Like many of you, my husband and I packed up our three kids and headed to the movie theater this weekend to see the latest Pixar movie, a sequel to Monsters, Inc. called “Monsters University.” It was a delightful little film – maybe without as much heart as other great Pixar flicks like Wall-E, Finding Nemo, or Up – that the whole family enjoyed. That’s why I was surprised to read an article by Inside Higher Ed’s Kevin Kiley who portrayed the movie as leftwing propaganda:
But more than a comment on college, Monsters University is a film about diversity, the innate differences between individuals, and the institutions and situations that help foster connections and understanding between those individuals. Which makes it fitting that the film is released today in the shadow of a potential landmark Supreme Court ruling on affirmative action expected to come next week.
The movie is about the challenge of limited talent and the realization that hard work can only take one so far – and sometimes not even as far as people who are just “born with it.” But it’s also about what students in the social and intellectual crucible of college can learn from each other and how those interactions shape worldviews and change lives.
One can walk away from the movie with the impression that the administrators and faculty at Monsters University would happily join in the amicus brief filed in the affirmative action case by a group of private university administrators who said “a diverse student body adds significantly to the rigor and depth of students’ educational experience. Diversity encourages students to question their own assumptions, to test received truths, and to appreciate the spectacular complexity of the modern world. This larger understanding prepares . . . graduates to be active and engaged citizens wrestling with the pressing challenges of the day, to pursue innovation in every field of discovery, and to expand humanity’s learning and accomplishment.”
It’s like we didn’t see the same movie. The French family felt the film was a nice send up of the modern university’s self-importance – a mockery most conservatives would applaud. [Spoiler alert!]
Mike Wazowski is the little one-giant-eyed green monster lovingly voiced by Billy Crystal. When he was a kid, he wanted to become a “scarer,” a monster who harnessed “scream energy” from frightened children. (The fact that this G-rated movie was able to pull off this plot without scaring my five year old was pretty impressive indeed.) But the university professors and administrators didn’t believe he was born with the natural talent required to become a scarer. Student James P. Sullivan (John Goodman), who goes by the nickname “Sulley,” is the exact opposite of Mike. Sulley is lazy, rude, and floats by on his good name and inherent confidence.What I loved about the movie is what Kiley disliked:
The other surprising lesson from the end of the film (Spoiler Alert) — and where it arguably makes its biggest departure from the current understanding of higher education – is that, after getting expelled from MU, Mike and Sulley manage to achieve success without earning their degrees, by working their way up the bureaucracy at Monsters Inc.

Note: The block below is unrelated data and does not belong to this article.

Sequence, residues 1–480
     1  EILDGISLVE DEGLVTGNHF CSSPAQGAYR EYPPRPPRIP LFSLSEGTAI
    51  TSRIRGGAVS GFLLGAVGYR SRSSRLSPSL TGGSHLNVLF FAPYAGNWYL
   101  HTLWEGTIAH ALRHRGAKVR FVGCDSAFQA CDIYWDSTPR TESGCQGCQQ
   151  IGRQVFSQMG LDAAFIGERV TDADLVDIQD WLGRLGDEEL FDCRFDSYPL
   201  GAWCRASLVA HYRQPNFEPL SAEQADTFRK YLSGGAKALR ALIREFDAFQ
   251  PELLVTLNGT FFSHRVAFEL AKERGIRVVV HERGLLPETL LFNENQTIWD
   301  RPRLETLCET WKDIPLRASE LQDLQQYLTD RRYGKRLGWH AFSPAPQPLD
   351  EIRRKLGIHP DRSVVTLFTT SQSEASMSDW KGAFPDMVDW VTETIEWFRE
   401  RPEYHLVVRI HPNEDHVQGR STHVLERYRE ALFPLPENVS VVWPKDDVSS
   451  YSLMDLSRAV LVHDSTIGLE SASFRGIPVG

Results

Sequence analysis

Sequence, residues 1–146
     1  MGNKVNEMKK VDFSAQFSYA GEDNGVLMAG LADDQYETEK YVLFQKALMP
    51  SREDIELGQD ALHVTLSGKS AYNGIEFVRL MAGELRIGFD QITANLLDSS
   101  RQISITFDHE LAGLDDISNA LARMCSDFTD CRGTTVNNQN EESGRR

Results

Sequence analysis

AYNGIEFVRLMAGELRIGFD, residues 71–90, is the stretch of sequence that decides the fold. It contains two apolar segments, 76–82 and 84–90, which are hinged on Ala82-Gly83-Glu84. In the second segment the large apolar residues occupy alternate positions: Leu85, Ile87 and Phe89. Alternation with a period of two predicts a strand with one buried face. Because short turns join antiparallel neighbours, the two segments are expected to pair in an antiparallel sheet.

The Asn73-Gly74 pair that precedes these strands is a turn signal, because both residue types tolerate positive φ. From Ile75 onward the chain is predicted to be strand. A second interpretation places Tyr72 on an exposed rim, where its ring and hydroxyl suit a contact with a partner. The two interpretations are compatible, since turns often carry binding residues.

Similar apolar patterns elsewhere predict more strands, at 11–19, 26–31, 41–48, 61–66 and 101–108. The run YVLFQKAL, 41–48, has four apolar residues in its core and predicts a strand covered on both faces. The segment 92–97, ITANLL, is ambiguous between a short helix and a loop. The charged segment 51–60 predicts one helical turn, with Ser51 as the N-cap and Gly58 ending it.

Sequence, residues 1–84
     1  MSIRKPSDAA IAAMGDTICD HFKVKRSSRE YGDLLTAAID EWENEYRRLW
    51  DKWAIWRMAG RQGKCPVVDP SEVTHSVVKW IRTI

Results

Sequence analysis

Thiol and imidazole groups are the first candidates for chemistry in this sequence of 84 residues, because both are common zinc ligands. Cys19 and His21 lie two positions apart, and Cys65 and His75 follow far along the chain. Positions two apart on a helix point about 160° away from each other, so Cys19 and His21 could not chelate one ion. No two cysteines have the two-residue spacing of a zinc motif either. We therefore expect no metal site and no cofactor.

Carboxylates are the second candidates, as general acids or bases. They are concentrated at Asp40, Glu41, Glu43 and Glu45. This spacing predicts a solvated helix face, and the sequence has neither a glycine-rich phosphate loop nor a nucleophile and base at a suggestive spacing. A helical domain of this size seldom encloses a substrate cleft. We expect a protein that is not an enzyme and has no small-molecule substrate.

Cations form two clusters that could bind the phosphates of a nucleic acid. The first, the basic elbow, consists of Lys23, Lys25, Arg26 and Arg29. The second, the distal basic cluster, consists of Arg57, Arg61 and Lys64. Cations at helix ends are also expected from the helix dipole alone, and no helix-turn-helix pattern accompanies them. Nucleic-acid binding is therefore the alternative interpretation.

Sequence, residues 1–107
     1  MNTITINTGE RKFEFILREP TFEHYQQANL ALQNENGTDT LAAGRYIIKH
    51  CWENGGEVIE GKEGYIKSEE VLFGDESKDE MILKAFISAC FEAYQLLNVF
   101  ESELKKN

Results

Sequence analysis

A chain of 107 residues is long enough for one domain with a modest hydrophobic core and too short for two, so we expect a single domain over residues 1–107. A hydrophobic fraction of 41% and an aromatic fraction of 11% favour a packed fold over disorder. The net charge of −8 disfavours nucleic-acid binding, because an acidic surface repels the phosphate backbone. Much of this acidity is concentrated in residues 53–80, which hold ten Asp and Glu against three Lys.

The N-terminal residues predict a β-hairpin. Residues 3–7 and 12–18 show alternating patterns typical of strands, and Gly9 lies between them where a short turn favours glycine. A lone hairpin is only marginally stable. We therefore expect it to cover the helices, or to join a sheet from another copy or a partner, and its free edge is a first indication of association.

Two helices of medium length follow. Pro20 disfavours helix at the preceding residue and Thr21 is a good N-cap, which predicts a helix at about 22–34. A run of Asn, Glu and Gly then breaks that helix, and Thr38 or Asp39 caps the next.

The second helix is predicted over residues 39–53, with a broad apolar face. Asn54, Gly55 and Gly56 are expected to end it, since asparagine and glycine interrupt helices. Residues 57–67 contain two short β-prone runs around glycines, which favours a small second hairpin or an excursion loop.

That notion certainly plays into the popular zeitgeist that questions the value of a college degree, reinforced with the Gateses and Jobses and Zuckerbergs that have captured public imagination. But it is an ending that certainly runs counter to the data. While several prominent college dropouts have made names for themselves by starting companies and creating innovative products, the idea that, in the modern economy, a pair of college dropouts could work their way up from the mailroom to the scaring floor in the world’s largest corporation strains credulity.
I guess I should admit now that I’m one of those stories that “strain credulity.” I’ve dropped out of three colleges, my highest degree is from Henry County High School in Paris, Tennessee, yet I’ve managed by the grace of God to create a writing career with two books on the New York Times best seller lists. I almost can’t believe it either. But the idea that hard work can propel you into success is hardly leftwing propaganda. Rather, this is a deeply American idea – one that my parents taught me and their parents taught them. (In fact, my dad is another example of what I call an American success story – he dropped out of high school six times before joining the Army, getting his GED, and later getting his college degree in his fifties. Perhaps there’s hope for me yet!)
Kiley described this denigration of college as “the biggest departure from the current understanding of higher education,” which might be true. Perhaps in some circles, the “current understanding” of college is that it’s a necessary step after high school that students must take to ensure future success. However, as college costs skyrockets “beyond credulity,” many are taking a second look at actual value of higher ed. The currently bad state of the economy doesn’t necessarily suggest that people should keep spending tens of thousands of dollars at college, only to get spat out into a faltering, jobless market. Clever students might wisely choose another route. (This would have the added benefit of avoiding the rampant liberal indoctrination prevalent in colleges today.)
Far from being propaganda, Monsters University is a delightful film about believing in one’s dreams and working hard . . . and it’s a great story regardless of one’s political affiliation.